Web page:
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Paul McCartney
Ram (reissue) Jeremy Allen , May 25th, 2012 07:23

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1971 was a god awful time for music. Acoustic guitars weren’t so much machines to kill nazis as instruments utilised by entrepreneurs hiding behind beards. The pervasive sound of sunshine folk was a prefab sunshine used to power a malignant, corporate agenda, duplicitously simulating a naive hippy dream the protagonists knew had died a death at the end of the 60s.

By this time however, Paul McCartney was so ensconced in conjugal felicity and isolated from what was going on beyond the homey domesticity and tranquility of his farm that the outside world must have seemed like a distant noise. In the 1960s he’d influenced everything in a way he never could have imagined, but having killed the Beatles monster he was free to indulge himself. Having proved everything he needed to prove, his music no longer fed his ambition, and the next decade would see him driven by whimsy and curiosity. As one half of the most successful songwriting partnership the world had ever known, who could argue? He might have lost his chief quality control officer in John Lennon, but Ram is a record that clearly doesn’t concerned itself with public approval.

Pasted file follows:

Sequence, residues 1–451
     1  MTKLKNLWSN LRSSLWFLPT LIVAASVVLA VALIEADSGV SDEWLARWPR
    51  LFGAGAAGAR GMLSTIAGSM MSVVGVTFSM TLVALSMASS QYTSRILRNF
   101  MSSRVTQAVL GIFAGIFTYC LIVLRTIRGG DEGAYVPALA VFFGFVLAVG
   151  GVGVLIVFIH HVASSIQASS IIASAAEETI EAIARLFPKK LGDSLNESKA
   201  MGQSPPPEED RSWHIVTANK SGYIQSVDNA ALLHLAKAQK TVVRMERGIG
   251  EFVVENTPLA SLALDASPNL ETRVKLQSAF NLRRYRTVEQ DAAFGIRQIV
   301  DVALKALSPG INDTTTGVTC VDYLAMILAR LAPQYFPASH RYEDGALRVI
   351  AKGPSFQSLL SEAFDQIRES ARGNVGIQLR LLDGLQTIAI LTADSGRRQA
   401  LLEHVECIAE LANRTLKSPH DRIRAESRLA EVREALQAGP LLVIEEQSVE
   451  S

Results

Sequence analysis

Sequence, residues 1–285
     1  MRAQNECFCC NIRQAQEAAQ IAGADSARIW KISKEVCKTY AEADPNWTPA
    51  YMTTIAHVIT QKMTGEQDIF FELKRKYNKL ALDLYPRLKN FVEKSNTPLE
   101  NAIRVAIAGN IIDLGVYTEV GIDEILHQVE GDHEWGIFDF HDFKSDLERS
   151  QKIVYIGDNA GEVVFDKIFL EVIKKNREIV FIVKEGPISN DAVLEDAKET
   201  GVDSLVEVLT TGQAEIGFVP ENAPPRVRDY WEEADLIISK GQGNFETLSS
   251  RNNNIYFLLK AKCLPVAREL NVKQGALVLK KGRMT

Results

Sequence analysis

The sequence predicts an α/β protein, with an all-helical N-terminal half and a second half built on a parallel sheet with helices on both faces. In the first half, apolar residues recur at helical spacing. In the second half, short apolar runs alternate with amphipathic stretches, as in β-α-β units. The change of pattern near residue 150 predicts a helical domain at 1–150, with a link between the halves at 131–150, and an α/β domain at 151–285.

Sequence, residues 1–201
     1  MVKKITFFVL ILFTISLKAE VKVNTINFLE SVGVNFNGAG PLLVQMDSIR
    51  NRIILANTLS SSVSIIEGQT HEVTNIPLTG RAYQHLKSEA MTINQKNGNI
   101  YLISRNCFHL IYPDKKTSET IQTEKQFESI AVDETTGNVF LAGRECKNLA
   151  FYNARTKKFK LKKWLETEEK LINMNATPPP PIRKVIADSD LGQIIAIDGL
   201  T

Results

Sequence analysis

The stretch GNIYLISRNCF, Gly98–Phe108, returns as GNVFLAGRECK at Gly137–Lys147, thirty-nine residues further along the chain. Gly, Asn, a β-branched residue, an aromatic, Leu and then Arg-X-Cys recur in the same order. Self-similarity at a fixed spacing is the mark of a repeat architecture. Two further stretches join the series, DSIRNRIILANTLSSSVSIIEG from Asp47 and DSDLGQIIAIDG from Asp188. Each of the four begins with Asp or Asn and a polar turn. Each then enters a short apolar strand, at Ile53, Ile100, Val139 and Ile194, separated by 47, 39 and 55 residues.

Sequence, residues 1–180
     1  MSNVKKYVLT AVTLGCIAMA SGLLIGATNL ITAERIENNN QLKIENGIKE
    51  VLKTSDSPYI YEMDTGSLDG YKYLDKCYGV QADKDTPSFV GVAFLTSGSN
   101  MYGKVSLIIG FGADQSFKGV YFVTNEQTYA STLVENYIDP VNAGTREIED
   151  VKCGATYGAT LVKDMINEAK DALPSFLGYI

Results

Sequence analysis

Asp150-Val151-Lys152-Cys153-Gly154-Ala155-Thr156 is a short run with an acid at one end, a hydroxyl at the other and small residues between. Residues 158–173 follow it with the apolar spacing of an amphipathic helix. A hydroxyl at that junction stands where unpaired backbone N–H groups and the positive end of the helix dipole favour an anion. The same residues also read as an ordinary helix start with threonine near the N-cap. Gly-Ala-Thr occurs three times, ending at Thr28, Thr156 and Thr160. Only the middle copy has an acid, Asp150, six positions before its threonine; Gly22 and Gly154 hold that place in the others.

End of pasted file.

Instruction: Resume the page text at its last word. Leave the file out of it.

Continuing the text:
According to the singer, it was never really meant to see the light of day. McCartney had taken to bed with his wife and not bothered alerting the world’s press like his old partner in crime. Having asked Linda to join his “band”, Ram stands as the only album in his considerable discography credited to Paul and Linda McCartney. The naysayers will complain that Ram is unfocused and sometimes unfathomable, but that’s one of the things to love about it. The sheer ebullience, the devil-may-care attitude taken in the construction of these songs, makes it an album to treasure.

Take ‘Monkberry Moon Delight’ for instance, with its stream-of-consciousness lyrical nonsense (“sat in the attic / piano up my nose” or “when I leave my pajamas to Billy Bupdapest”); it grooves along like some early Tom Waits’ jam, with a hook that by coincidence sounds awfully like Frankie Valli’s ‘Grease’ (though it arrived six years earlier). It’s wild and unfettered, and pot (as McCartney liked to call it) may have played an instrumental part in its composition.